Well, something of a “close-but-no-cigar,” I’m afraid.

Director Craig Gillespie (best known for the indie-hit Lars And The Real Girl) really does seem to have his heart in the right place here, and some of the “modernizing” touches, such as setting the story in a typically barren suburban Las Vegas cul-de-sac, work quite well (Vegas has a transient population and it’s not entirely out of place to see a house with blacked-out windows because so many people work night and need to sleep when it’s light out) — and some of the casting choices are damn-near brilliant, to be honest. Colin Farrell as vampire-next-door Jerry is out-of-this-world menacingly cool and oozes dangerous charisma throughout. When he’s hanging out just on the other side of the doorway of our ertswhile teen hero Charley (Anton Yelchin)’s house because he hasn’t been invited in, the tension’s palpable as he quite clearly is trying to ingratiate himself to the point where Charley tells him “hey, man, come on in” but is also trying to suss out whether our intrepid adolescent has figured out who and what he really is. It’s a highlight-reel moment in a (no shit here people) Oscar-worthy performance from Farrell.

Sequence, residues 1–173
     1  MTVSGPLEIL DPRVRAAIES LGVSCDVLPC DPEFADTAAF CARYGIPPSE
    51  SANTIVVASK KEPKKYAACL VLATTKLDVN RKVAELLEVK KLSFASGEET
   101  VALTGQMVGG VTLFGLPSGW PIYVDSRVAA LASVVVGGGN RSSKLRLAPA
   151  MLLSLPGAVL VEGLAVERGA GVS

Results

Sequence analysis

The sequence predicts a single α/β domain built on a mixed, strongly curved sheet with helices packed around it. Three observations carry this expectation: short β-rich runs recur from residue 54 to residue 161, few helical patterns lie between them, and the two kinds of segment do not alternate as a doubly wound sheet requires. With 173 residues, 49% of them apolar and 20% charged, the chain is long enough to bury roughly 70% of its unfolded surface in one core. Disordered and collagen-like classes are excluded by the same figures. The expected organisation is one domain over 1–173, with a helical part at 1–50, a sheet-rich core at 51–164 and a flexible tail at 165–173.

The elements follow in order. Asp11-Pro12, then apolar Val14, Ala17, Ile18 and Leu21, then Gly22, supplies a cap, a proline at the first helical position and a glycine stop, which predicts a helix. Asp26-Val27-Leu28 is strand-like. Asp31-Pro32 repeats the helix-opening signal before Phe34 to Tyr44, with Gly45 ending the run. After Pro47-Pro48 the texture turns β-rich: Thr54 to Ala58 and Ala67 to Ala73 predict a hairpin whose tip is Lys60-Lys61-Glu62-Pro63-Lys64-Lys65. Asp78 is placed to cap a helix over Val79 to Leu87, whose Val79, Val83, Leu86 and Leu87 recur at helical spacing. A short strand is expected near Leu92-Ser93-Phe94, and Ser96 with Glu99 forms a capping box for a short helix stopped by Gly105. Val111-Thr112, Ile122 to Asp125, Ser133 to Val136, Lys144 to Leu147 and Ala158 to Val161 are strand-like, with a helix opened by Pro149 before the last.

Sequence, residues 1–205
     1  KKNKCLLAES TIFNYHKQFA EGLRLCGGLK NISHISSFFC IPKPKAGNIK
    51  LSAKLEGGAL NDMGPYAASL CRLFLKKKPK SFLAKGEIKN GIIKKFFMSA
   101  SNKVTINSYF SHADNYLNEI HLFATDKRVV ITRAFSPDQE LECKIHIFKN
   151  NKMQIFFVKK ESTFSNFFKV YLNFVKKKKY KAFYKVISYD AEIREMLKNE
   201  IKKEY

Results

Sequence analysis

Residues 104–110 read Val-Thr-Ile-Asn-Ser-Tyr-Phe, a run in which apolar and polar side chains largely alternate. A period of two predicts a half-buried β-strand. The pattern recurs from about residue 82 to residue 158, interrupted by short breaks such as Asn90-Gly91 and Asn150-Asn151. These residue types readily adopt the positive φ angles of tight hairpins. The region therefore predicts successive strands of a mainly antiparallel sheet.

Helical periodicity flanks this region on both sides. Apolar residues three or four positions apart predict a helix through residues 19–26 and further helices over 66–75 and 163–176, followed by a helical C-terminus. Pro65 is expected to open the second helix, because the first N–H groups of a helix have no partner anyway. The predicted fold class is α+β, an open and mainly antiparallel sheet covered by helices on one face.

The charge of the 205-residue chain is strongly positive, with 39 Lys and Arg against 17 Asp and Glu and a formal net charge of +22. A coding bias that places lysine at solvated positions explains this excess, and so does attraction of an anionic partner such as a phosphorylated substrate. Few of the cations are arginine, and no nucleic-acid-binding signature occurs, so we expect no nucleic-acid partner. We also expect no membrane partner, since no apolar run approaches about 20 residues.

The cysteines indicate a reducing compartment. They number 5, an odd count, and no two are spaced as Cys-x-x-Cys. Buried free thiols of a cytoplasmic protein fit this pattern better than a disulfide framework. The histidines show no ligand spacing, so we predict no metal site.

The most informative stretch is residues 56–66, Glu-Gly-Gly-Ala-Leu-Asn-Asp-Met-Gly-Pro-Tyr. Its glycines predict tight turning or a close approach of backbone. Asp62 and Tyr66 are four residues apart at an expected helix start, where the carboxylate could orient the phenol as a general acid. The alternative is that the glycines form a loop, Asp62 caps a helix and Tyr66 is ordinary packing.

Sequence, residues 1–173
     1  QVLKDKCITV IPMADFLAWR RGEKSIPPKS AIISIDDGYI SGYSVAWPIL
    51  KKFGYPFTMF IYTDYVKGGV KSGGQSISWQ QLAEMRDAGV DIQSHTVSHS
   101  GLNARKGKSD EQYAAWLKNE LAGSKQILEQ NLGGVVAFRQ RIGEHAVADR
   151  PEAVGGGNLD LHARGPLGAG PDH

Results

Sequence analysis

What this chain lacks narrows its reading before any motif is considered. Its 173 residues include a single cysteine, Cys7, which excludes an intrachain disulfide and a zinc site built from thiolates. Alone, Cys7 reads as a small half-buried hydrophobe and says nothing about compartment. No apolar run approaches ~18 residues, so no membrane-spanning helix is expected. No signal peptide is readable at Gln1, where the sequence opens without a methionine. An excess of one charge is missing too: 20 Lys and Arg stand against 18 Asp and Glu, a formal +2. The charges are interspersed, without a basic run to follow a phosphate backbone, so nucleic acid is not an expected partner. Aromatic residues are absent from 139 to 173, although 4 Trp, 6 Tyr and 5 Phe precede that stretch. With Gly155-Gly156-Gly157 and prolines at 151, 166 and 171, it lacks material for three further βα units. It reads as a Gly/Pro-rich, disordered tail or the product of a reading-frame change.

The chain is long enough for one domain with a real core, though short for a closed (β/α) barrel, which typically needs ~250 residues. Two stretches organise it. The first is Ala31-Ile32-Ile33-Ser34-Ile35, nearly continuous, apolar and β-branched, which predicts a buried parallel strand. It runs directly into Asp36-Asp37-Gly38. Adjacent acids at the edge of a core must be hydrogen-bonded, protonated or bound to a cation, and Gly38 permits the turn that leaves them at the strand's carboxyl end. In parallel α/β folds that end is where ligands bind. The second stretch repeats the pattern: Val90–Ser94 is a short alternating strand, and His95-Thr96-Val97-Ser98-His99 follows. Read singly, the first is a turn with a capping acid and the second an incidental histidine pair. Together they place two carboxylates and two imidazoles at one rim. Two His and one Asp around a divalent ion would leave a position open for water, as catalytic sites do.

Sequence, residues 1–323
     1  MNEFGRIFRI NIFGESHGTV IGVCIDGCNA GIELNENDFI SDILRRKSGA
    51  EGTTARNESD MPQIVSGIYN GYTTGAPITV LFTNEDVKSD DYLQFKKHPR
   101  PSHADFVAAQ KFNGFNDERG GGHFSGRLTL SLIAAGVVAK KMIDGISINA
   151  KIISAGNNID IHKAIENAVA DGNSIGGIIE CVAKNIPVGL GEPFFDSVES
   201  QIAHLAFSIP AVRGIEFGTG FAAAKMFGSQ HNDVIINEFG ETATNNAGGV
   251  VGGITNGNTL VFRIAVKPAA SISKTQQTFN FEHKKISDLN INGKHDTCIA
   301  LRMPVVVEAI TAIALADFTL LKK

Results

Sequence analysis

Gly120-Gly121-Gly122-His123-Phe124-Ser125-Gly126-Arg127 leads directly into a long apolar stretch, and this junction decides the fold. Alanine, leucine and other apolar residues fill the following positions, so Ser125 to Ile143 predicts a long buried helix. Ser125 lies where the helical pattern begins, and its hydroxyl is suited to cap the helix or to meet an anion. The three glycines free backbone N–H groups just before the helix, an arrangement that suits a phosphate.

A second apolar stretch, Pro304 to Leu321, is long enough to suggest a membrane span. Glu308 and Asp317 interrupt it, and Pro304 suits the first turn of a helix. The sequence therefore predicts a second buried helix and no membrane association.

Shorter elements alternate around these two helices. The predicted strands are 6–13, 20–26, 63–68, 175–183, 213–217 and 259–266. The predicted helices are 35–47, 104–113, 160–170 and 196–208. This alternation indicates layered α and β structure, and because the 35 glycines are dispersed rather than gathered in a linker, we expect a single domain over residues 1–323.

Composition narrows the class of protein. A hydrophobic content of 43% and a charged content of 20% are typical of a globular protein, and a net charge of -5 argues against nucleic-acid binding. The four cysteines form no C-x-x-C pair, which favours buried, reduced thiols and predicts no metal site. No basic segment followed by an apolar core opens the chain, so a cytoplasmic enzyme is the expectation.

And on the supporting actor front — recasting Roddy MacDowall’s legendary Peter Vincent character as a Criss Angel Mindfreak-type Vegas performer rather than a washed-up TV horror host is another stroke of pure genius, as was casting Doctor Who  alum David Tennant in the role. Essentially he’s just playing the Tenth Doctor with a substance abuse problem (and, it’s strongly hinted, the sexual dysfunction issues that often go along with that), but it works and it’s a hell of a lot fun.